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Lalit Modi has strongly criticised parties that have expressed concern over the security situation at the IPL, including the Federation of International Cricketers Association and Ricky Ponting.

"We will not be dictated by players associations where to play. DLF IPL will be played in India," Modi posted on his Twitter account, in reaction to safety concerns raised by an independent report commissioned by the players' unions in England, South Africa and Australia, which suggested moving the IPL outside India.

The report, written by the England team's security adviser Reg Dickason, said there was a credible terrorist threat to the IPL. The Australian Cricketers' Association had decided to formulate a set of security demands for IPL organisers, following a meeting between Australian players in which Ricky Ponting had apparently clashed with IPL regulars Matthew Hayden, Adam Gilchist and Shane Warne.

"[I've] been told Ricky Ponting is pressuring players not to come. Maybe it's due to the fact he was dropped from KKR," Modi tweeted.

Modi said that individual players could choose to stay away from the IPL, but such a move could risk their future association with the event. "We will allow replacement for those who decide not to show up. They risk being in future IPLs. The call will be theirs. If a few players play into the hands of the FICA and not show up, no issues.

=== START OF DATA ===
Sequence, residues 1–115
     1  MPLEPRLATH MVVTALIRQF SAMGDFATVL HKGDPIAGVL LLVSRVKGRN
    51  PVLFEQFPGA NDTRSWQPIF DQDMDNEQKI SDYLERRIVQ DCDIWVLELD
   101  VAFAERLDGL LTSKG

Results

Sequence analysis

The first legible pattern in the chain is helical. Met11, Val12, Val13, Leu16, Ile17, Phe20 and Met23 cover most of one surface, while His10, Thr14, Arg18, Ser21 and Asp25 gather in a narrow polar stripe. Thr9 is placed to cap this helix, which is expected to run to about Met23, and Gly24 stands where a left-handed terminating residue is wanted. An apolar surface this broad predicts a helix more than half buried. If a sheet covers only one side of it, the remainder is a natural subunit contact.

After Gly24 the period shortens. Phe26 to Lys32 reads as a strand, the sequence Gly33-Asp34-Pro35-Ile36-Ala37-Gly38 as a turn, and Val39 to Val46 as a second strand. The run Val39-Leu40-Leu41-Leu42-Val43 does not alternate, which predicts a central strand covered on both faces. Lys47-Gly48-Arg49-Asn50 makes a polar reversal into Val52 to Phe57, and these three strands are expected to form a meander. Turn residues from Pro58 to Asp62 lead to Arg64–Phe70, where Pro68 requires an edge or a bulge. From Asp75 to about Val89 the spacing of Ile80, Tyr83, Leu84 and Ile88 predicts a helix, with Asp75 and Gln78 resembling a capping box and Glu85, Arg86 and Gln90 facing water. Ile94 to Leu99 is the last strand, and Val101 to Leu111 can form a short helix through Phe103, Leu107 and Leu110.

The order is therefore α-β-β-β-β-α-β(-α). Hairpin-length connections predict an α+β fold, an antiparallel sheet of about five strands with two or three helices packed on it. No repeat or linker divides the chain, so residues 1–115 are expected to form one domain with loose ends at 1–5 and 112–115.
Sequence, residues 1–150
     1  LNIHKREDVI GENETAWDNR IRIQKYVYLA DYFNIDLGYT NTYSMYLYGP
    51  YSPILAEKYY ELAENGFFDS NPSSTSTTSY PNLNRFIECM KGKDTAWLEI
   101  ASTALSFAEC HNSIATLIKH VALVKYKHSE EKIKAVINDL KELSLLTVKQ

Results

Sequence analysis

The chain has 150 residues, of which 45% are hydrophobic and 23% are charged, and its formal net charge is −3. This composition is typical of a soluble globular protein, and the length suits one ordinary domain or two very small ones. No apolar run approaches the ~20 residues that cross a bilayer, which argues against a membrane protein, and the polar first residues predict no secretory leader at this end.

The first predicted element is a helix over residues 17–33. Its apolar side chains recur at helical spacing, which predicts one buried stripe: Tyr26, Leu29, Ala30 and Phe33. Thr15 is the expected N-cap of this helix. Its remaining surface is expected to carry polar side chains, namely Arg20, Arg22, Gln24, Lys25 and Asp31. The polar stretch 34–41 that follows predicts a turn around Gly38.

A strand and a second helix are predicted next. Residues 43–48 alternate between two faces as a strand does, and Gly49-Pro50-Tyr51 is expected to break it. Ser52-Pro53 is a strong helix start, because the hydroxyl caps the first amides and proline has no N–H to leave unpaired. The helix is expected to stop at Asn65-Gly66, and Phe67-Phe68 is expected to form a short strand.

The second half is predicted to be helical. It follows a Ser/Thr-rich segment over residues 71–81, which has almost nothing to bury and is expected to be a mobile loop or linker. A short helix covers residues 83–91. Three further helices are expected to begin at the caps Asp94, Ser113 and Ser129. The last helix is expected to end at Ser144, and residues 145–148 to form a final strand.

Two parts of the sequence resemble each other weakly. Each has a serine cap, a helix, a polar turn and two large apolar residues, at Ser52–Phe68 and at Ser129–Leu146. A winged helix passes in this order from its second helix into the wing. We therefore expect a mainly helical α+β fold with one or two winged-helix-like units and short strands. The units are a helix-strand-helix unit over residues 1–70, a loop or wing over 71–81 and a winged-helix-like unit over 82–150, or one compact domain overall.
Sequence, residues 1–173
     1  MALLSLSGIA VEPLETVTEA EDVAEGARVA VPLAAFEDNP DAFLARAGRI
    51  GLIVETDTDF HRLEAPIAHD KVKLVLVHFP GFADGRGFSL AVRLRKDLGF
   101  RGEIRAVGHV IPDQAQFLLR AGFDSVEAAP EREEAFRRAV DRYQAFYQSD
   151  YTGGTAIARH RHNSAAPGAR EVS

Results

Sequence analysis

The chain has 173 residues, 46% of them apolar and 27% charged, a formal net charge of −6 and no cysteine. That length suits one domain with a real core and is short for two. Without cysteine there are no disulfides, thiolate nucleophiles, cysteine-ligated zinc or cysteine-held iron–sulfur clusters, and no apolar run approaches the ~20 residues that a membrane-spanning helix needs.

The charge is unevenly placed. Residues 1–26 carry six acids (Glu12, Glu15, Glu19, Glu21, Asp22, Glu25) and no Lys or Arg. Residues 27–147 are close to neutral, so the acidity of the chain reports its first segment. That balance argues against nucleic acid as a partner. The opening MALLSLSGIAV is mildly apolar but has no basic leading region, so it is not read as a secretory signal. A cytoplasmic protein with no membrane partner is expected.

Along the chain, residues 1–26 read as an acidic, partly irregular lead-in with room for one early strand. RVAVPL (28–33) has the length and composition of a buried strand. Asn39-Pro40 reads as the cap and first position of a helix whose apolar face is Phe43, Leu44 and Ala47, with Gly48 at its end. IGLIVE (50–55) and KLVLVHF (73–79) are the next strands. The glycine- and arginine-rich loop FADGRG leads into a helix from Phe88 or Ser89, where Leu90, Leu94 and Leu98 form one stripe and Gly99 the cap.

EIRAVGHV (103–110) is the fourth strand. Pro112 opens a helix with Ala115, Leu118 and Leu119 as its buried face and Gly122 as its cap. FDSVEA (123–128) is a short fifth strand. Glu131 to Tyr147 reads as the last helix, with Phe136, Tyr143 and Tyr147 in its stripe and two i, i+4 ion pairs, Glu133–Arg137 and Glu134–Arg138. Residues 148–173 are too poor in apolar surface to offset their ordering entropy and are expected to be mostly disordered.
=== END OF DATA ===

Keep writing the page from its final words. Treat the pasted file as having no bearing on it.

"We allow only four international players per team. [If a] few miss, no issues. We have great talent in each team. More opportunity for replacement to others. We have 98 players on the waiting list eager to get called in for replacement."

Modi refused to recognise the FICA and was critical of the various players' associations that were bringing up security concerns to "arm-twist" the IPL. "I have been sent messages through various quarters to entertain FICA president Tim May. Unfortunately we do not recognise FICA or any agents," Modi tweeted.

Modi cited examples of sports events currently being hosted in India, such as the India-South Africa series, the hockey World Cup and the upcoming India-Australia series that have not come under security threats like the IPL has.

"South African players are touring India as we speak - security is fine for them now as provided by the Indian government. Australia tour India in October - will the Australian Cricketers' Association dictate them not coming then? Doubt it," Modi tweeted.

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